Unwrapping the Two Big Inflation Reports This Week

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Editor’s Note: Before we dive into today’s Market 360, I wanted to remind you that the markets will be closed on Monday, January 15, for the Martin Luther King Jr. holiday. Likewise, the InvestorPlace offices and customer service department will be closed. Enjoy the long holiday!

My favorite time of year – earnings season – kicked off with the big banks on Friday. While we will spend plenty of time pouring through those results over the next few weeks, there are two big inflation reports I want to draw your attention to today: the latest Consumer Price Index (CPI) and Producer Price Index (PPI).

These reports will help the Federal Reserve determine when it should start cutting key interest rates. And that, in turn, will set the tone for how investors feel about 2024. So, it’s important that we take some time to review.

The short version is that the CPI was a buzzkill while the PPI was fantastic. So, in today’s Market 360, let’s dive into the details of each report, what they mean for the Federal Reserve’s next steps… and how to best position your portfolio to profit in the current economic environment.

Let’s get started.

The Consumer Price Index (CPI) Disappoints

On Thursday, the Labor Department released the CPI reading for December. And, as I said, it was a buzzkill.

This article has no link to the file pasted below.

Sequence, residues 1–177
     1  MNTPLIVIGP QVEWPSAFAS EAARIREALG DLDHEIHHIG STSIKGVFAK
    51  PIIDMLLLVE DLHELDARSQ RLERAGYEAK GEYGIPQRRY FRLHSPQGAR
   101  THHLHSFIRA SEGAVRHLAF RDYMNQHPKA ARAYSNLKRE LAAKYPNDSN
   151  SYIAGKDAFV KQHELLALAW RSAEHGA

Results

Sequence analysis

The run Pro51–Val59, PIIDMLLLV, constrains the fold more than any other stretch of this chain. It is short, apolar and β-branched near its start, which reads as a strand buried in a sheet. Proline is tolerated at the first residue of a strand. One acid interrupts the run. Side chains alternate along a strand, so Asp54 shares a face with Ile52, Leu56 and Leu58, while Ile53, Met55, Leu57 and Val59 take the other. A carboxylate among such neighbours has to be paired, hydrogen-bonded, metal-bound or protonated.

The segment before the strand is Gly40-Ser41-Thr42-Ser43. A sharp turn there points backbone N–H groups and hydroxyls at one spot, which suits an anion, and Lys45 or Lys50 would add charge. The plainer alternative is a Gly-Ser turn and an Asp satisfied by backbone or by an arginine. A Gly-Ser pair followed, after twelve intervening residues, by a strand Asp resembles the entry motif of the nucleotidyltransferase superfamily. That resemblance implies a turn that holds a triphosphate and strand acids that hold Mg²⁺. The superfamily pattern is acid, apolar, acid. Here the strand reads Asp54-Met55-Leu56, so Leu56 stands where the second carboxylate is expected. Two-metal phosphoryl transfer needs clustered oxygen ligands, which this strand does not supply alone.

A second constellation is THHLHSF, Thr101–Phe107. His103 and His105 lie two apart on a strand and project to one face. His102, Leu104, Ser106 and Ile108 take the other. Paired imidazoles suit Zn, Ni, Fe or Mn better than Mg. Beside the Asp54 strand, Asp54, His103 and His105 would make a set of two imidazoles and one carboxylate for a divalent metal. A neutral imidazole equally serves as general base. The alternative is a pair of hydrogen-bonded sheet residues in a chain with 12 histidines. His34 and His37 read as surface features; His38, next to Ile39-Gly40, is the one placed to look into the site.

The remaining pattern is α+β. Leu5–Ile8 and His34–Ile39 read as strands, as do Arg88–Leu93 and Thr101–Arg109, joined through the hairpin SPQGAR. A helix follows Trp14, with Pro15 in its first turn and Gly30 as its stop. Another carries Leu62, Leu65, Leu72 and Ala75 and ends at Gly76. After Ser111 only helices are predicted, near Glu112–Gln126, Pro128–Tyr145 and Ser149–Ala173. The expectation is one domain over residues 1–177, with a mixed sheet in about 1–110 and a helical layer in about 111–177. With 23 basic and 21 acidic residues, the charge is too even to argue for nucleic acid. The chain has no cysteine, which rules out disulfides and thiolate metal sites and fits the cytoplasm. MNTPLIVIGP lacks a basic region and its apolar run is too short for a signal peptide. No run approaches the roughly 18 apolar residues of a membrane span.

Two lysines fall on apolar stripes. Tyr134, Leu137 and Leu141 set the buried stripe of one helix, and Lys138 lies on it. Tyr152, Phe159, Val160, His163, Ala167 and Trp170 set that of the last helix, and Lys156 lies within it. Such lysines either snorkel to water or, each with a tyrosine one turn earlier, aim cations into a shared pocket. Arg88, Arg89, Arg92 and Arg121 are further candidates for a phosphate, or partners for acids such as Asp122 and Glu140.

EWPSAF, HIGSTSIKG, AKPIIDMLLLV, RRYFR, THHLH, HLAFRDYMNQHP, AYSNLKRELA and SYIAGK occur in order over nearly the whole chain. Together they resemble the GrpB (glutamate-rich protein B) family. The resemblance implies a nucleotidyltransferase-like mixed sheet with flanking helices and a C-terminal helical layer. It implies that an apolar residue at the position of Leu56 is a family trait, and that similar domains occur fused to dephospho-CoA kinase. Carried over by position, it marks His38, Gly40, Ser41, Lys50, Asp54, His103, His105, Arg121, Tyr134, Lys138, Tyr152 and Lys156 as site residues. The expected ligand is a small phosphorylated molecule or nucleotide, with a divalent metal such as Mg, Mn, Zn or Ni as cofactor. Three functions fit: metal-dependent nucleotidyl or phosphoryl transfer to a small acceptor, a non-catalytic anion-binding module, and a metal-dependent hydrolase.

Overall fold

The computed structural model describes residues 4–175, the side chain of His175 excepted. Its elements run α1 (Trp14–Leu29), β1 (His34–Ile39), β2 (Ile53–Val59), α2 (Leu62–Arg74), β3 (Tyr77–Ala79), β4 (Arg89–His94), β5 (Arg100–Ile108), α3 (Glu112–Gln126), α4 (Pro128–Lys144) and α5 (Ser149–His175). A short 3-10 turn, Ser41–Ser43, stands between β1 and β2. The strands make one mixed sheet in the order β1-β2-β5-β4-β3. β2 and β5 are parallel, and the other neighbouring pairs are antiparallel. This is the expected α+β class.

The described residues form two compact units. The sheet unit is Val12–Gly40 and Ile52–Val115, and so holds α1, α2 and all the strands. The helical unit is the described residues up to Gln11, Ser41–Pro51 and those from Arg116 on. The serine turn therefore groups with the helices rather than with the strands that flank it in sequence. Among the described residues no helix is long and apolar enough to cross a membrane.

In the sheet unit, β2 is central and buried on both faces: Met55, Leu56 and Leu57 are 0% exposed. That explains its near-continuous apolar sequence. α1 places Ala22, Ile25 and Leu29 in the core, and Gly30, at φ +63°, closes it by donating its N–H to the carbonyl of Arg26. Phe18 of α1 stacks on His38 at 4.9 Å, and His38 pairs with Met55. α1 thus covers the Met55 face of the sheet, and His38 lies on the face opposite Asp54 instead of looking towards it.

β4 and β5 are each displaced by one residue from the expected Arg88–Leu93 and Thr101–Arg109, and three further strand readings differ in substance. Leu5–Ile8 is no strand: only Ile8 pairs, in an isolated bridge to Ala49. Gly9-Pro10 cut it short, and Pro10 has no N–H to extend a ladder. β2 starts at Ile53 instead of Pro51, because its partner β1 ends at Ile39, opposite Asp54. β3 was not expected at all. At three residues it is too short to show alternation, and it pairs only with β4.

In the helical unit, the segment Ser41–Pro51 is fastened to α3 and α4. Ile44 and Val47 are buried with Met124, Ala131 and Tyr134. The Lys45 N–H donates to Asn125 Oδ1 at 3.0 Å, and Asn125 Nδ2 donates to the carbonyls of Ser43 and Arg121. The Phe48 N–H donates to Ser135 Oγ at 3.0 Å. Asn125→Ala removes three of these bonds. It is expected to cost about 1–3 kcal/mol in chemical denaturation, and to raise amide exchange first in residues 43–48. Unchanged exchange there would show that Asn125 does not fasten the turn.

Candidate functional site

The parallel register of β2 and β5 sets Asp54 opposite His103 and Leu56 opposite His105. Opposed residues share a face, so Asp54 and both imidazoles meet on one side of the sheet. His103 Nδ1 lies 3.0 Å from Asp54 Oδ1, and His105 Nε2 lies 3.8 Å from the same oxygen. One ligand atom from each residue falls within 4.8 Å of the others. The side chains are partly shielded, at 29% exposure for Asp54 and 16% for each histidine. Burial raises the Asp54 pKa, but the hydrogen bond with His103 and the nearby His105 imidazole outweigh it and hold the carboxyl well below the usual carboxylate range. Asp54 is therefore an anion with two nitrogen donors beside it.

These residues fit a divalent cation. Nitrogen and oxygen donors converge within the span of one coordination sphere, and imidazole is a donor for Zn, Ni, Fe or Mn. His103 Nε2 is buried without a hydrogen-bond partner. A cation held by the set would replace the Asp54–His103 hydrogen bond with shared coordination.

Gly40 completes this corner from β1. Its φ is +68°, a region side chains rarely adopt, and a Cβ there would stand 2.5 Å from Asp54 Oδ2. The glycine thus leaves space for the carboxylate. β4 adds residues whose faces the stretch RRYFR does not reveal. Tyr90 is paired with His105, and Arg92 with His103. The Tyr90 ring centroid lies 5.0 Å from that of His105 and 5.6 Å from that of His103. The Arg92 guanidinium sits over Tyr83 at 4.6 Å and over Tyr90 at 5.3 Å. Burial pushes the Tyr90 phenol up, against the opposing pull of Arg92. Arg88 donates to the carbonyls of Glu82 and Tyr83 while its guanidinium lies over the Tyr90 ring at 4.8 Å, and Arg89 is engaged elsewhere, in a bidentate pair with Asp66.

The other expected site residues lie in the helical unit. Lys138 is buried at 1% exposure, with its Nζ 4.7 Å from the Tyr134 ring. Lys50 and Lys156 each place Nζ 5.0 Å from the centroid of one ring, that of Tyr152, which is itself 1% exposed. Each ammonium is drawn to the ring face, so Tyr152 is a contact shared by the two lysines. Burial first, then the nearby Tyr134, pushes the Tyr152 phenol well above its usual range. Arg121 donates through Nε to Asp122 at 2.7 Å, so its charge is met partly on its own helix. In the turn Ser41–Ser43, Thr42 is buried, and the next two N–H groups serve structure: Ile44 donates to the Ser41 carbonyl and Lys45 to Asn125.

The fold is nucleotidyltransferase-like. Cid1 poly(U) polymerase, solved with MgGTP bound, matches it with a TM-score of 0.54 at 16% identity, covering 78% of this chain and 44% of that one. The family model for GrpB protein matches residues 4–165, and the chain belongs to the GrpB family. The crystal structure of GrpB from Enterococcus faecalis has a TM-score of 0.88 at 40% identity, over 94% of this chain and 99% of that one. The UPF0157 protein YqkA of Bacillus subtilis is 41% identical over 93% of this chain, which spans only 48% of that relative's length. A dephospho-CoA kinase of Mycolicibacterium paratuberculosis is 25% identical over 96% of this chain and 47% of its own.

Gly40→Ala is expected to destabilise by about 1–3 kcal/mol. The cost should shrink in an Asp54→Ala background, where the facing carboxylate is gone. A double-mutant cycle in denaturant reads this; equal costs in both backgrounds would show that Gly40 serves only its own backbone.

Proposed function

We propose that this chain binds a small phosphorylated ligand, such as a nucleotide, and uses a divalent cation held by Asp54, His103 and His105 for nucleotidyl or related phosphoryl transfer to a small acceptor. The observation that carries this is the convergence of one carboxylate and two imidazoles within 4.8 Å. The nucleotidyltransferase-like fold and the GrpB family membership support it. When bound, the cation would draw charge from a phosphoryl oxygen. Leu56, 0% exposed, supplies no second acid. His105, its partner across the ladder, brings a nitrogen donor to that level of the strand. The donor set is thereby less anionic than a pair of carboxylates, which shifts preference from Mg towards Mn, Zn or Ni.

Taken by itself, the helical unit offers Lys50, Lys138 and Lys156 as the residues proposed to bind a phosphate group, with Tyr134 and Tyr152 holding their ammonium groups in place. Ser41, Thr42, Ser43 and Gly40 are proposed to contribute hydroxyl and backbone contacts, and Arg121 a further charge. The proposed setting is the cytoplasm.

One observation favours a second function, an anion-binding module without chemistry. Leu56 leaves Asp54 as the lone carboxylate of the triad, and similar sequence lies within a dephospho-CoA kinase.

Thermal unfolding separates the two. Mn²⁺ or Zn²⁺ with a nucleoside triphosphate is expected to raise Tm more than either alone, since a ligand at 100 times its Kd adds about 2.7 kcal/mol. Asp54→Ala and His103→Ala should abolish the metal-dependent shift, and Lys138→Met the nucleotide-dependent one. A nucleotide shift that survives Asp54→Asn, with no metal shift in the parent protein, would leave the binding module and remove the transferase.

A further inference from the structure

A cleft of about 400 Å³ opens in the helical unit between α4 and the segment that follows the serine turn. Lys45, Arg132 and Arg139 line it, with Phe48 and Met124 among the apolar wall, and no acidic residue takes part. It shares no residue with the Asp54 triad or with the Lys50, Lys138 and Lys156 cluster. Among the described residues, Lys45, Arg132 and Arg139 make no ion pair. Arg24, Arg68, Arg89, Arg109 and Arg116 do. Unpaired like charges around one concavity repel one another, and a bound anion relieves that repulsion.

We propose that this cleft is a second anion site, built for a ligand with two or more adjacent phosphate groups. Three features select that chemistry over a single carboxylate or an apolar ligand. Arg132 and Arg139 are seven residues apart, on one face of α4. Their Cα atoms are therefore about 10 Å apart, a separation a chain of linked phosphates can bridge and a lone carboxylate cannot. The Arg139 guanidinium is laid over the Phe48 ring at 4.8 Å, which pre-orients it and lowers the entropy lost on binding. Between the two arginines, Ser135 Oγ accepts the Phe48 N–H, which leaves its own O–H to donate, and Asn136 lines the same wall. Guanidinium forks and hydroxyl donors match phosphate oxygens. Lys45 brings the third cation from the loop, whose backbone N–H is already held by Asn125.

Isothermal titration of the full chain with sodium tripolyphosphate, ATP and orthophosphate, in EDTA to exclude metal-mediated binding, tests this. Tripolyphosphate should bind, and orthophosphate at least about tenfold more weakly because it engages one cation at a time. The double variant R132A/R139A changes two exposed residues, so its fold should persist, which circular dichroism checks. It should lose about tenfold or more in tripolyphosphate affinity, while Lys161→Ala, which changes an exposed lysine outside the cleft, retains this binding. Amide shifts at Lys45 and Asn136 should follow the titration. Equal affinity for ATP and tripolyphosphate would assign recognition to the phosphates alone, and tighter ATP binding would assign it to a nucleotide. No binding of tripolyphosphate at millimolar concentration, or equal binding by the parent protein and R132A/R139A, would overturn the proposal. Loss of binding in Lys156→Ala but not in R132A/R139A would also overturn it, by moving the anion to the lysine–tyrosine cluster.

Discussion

Prices rose 0.3% in December, which was higher than the 0.2% in November and economists’ estimates for a 0.2% increase. On an annual basis, prices were up 3.4% in the past 12 months, which is up from 3.1% in November.

Core CPI, which excludes food and energy prices, rose 0.3% in December, which is the same as November. On an annual basis, core CPI was up 3.9% in the past 12 months. Economists were expecting a 3.8% increase.

Although the CPI and core CPI were only slightly above economists’ expectations, the real problem I had was with the components of the report.

Owners’ Equivalent Rent (shelter costs) surged 0.5% in December and accounted for much of the CPI increase. The other surprises were that medical costs rose 0.7%, used vehicles rose 0.5%, and electricity rose 1.3%.

Not good, folks.

Overall, the CPI report was disappointing, especially Owners’ Equivalent Rent, which has risen 6.2% in the past 12 months and remains stubbornly high. This CPI report was surprising to me, since the price of goods have softened due to the fact that supply chains disruptions have ceased. Plus, there is lackluster demand for many goods, such as appliances.

Producer Price Index (PPI) Signals Deflation Ahead

But on Friday, I was singing a different tune. That’s because the PPI numbers for December were released and showed wholesale prices are falling.